Article Text


Service development
So many polyps, so little time: where will our bowel cancer screening colonoscopists come from?
  1. A Watson *1,
  2. L Coleman2,
  3. A Haycock3,
  4. J Anderson4,
  5. J Jankowski5,
  6. S Preston6
  1. 1Endoscopy Unit, Whipps Cross University Hospital NHS Trust, London, UK
  2. 2NHS Cancer Screening Programmes, Sheffield, UK
  3. 3Endoscopy, North West London Hospitals NHS Trust, London, UK
  4. 4Endoscopy, Cheltenham General Hospital, Cheltenham, UK
  5. 5Centre for Digestive Diseases, Queen Mary University of London, London, UK
  6. 6Endoscopy, Barts and The London Hospital, London, UK


Introduction The UK Bowel Cancer Screening Programme (BCSP) aims to reduce colorectal cancer death by removing colonic polyps from FOB positive patients between the ages of 60 and 69. The BCSP relies on skilled, accredited colonoscopists.

Between 2006 and 2010, the number of BCSP colonoscopies has risen from 300 to 32 000; this is likely to rise due to increasing FOB testing, follow-up colonoscopies, age-expansion to 75 years and introduction of flexible sigmoidoscopy. There are currently 236 accredited BCSP colonoscopists in the UK. A shortage of BCSP colonoscopists is likely to arise.

Methods In 2009 an informal survey of gastroenterology trainees revealed only 4/52 with an interest in becoming a BCSP colonoscopist. The 2010 BSG/TiG National Training Survey more accurately assessed gastroenterology manpower as part of a comprehensive online survey that included several questions regarding the BCSP.

Results There were 283 respondents (approx 36% of trainees nationally). 61.4% (156/254) said there was a ‘moderate’ or ‘large’ amount of exposure to the BCSP in their region. 10.6% (27/254) had ‘no exposure’ to the BCSP. This indicates trainees have a good awareness of the BCSP. Over half (142/256) were aware of the application criteria to become a BCSP colonoscopist. 164/256 (64%) expressed a moderate or high level of interest in becoming a BCSP colonoscopist.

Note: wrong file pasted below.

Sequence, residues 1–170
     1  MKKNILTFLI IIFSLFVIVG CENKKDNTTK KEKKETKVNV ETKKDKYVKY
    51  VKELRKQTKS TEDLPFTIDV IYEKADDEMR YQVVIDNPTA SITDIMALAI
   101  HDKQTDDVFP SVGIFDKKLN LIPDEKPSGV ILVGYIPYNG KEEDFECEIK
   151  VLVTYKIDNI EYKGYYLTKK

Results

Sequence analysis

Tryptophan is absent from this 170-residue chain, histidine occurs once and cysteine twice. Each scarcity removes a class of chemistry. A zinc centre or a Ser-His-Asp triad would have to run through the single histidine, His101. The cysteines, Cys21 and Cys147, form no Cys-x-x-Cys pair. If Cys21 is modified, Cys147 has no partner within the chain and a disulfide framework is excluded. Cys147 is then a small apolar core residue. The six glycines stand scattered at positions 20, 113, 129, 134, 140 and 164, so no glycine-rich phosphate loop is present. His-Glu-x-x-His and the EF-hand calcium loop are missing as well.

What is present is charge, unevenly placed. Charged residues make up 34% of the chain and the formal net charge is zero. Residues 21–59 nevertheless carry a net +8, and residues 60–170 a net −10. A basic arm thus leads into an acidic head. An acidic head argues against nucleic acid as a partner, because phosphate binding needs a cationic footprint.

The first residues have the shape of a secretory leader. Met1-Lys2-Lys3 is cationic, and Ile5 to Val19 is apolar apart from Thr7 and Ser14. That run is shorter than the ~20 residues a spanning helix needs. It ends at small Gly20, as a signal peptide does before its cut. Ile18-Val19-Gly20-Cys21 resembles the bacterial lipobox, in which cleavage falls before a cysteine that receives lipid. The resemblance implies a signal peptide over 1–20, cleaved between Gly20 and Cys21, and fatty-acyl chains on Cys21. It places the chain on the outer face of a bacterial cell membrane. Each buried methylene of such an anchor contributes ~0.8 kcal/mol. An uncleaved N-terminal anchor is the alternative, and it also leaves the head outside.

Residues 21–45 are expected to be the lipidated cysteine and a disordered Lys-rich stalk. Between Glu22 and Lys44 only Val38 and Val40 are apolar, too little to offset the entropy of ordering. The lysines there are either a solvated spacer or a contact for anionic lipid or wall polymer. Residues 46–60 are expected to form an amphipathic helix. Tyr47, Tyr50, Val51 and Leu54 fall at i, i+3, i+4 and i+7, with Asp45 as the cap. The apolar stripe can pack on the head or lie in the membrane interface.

Trainees were asked what deterred them from becoming BCSP colonoscopists. Reasons were ranked on a scale of 1 –7 (1 being most relevant). The most common reason for not becoming a BCSP colonoscopist was ‘other pressures on time’ (53.8% giving 1/7 or 2/7). Also of concern was the ‘lack of training in advanced techniques’ (41.7% giving a score of 1/7 or 2/7). 170/250 (68%) of respondents believed their chances of becoming a BCSP colonoscopist were either strong (30/250, 12%) or reasonable (140/250, 56%).

Conclusion The 2009 the BSG/TiG Manpower data1 indicates there were 1041 consultant gastroenterologists and 795 trainees nationally, with an annual increase of 5% and 7% respectively. With only small increases in the total numbers of consultant gastroenterologists there are significant implications for service provision. Solutions may include increased use of nurse endoscopists, foreign-trained endoscopists or encouragement and more supportive training for new consultants. Any proposed solution will require adherence to good training, accreditation and standards to ensure the continued success of the BCSP.

  • BCSP
  • bowel cancer screening
  • colonoscopy.

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  • Competing interests None.

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